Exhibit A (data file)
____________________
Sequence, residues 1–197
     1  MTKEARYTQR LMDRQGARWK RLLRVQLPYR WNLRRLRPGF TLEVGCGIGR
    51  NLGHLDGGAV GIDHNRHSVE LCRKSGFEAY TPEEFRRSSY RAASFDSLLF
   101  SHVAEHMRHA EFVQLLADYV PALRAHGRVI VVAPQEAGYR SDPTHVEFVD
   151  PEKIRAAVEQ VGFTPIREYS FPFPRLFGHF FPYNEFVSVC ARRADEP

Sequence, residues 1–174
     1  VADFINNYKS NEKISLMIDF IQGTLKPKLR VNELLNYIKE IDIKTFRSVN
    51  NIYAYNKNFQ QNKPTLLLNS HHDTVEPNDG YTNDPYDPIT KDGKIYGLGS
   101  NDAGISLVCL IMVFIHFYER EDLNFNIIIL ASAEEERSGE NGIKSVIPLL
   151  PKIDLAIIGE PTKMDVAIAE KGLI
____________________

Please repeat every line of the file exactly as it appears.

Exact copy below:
Sequence, residues 1–197
     1  MTKEARYTQR LMDRQGARWK RLLRVQLPYR WNLRRLRPGF TLEVGCGIGR
    51  NLGHLDGGAV GIDHNRHSVE LCRKSGFEAY TPEEFRRSSY RAASFDSLLF
   101  SHVAEHMRHA EFVQLLADYV PALRAHGRVI VVAPQEAGYR SDPTHVEFVD
   151  PEKIRAAVEQ VGFTPIREYS FPFPRLFGHF FPYNEFVSVC ARRADEP

Sequence, residues 1–174
     1  VADFINNYKS NEKISLMIDF IQGTLKPKLR VNELLNYIKE IDIKTFRSVN
    51  NIYAYNKNFQ QNKPTLLLNS HHDTVEPNDG YTNDPYDPIT KDGKIYGLGS
   101  NDAGISLVCL IMVFIHFYER EDLNFNIIIL ASAEEERSGE NGIKSVIPLL
   151  PKIDLAIIGE PTKMDVAIAE KGLI